We expect books, stories, articles and poems to have titles. A title is a kind of invitation to read, and publishers try to help their authors think up catchy titles that will sell their books. Bible readers take it for granted that the books of the Bible have titles too--not catchy, but informative. The title is supposed to tell us what the work is (for example, a Gospel, as the early Christians called their accounts of Jesus' life and teaching, or a letter or sometimes just a book) and often who wrote it (for example, the Gospel of Mark or the letter of Paul to the Romans). The last book of the Bible is known simply as the book of Revelation, or the Revelation of John, or sometimes the Apocalypse, or the Apocalypse of John (apocalypsis being the Greek word for "revelation"). No one expects it to be called "The Late Great Planet Earth" or "God's Great Tomorrow"!
Few Bible readers are aware that most biblical books did not originally have titles at all. They simply began, said what they had to say, and ended. The titles were added in very early manuscripts, but the authors themselves did not bother to attach them. There are a few possible exceptions, depending on how the opening words are interpreted. Some have argued, for example, that "The beginning of the gospel about Jesus Christ" in Mark 1:1, and "The book of the generation of Jesus Christ" in Matthew 1:1 (KJV) are titles. Revelation is probably the clearest New Testament example of a work that does give itself a title. Its title is not "The Revelation of John," for these words were supplied by later scribes who copied the manuscript. The real title is very long, like some obscure eighteenth-century religious tract. It is emphatically not a catchy title. In fact, it comprises all of the first three verses of chapter 1! If there is a short title, it has to be the simple phrase with which the longer one begins, "the revelation of Jesus Christ."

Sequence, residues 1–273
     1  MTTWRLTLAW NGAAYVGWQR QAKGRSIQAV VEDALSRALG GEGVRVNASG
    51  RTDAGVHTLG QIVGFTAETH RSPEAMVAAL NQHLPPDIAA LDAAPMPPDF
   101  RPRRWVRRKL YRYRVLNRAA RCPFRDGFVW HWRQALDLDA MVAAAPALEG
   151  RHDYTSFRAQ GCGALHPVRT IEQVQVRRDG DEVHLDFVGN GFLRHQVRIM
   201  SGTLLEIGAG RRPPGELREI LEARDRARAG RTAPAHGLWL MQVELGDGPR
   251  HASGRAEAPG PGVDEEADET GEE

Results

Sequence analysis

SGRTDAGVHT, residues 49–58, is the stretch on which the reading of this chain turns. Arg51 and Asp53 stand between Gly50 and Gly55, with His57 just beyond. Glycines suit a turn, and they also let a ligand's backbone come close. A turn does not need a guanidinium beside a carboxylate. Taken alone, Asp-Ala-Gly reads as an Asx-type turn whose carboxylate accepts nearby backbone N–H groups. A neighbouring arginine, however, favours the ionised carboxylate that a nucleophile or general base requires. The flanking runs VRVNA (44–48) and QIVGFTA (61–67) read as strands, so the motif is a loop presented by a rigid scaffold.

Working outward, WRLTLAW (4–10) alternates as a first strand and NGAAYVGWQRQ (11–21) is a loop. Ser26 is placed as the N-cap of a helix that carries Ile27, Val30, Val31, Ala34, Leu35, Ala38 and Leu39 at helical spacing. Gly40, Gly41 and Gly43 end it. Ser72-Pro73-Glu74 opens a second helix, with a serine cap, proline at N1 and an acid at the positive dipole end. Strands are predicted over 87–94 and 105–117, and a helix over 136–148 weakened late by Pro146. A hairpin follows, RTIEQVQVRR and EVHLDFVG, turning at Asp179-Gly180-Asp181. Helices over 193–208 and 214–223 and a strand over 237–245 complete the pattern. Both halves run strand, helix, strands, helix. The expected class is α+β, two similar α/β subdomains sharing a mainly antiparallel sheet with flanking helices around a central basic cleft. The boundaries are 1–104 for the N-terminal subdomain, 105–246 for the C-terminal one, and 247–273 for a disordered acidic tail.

This revelation has the form of a letter, the longest letter in the New Testament (1:4--22:21). But the title, or heading prefixed to the letter, makes it clear from the start that this is no ordinary letter from a Christian leader to a group of churches. It is a letter from heaven, a prophetic revelation from Almighty God! While the voice that speaks in the letter is John's voice, the voice that speaks in the long title is anonymous. It could be John. But if so, John is distancing himself from his own persona by referring to himself in the third person as his servant John. It could also be an individual Christian or a Christian community that is "publishing" John's long letter after the fact for a wider audience. Quite simply, there is no way to be certain. As far as we know, the voice that speaks in the extended title is not heard again, for the rest of the book (1:4--22:21) stands complete as a letter. It has the customary beginning (1:4-6) and ending (22:21) of early Christian letters, like Paul's or Peter's.